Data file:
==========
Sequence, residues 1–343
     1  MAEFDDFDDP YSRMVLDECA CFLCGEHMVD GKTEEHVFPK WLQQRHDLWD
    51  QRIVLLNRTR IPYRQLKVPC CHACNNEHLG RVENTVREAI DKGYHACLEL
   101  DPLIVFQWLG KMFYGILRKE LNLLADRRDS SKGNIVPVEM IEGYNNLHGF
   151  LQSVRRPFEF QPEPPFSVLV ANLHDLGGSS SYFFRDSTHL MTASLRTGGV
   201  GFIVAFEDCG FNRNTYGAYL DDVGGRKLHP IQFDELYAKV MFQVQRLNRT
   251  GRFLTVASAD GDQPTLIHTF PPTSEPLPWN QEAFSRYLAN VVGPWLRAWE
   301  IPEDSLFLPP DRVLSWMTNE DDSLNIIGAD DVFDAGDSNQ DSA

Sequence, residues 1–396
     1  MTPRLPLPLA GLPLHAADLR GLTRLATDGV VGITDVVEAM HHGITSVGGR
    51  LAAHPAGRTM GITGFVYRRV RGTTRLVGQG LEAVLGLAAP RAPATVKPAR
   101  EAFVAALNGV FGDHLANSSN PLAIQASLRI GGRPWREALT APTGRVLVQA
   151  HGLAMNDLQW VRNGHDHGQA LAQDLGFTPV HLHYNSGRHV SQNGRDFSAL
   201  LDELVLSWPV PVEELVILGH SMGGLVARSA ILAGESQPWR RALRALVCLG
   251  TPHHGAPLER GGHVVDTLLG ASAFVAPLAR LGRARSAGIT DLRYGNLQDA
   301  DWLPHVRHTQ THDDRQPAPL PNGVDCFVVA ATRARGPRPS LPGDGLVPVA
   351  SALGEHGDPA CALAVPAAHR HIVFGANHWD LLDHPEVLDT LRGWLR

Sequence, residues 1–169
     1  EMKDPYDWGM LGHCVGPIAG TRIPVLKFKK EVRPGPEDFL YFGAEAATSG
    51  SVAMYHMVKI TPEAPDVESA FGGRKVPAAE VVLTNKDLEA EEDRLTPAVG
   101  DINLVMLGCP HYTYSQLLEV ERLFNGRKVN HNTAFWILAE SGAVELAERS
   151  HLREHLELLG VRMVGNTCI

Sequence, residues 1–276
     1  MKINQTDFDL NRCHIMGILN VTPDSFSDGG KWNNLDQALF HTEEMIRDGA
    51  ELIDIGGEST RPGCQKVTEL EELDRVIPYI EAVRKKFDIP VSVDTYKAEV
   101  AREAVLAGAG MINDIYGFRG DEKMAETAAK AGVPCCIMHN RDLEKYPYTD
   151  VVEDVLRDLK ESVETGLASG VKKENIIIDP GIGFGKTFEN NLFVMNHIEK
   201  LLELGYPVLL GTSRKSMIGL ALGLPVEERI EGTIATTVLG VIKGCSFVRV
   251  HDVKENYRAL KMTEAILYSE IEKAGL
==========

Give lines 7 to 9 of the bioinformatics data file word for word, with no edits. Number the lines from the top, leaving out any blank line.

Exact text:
   251  GRFLTVASAD GDQPTLIHTF PPTSEPLPWN QEAFSRYLAN VVGPWLRAWE
   301  IPEDSLFLPP DRVLSWMTNE DDSLNIIGAD DVFDAGDSNQ DSA

Sequence, residues 1–396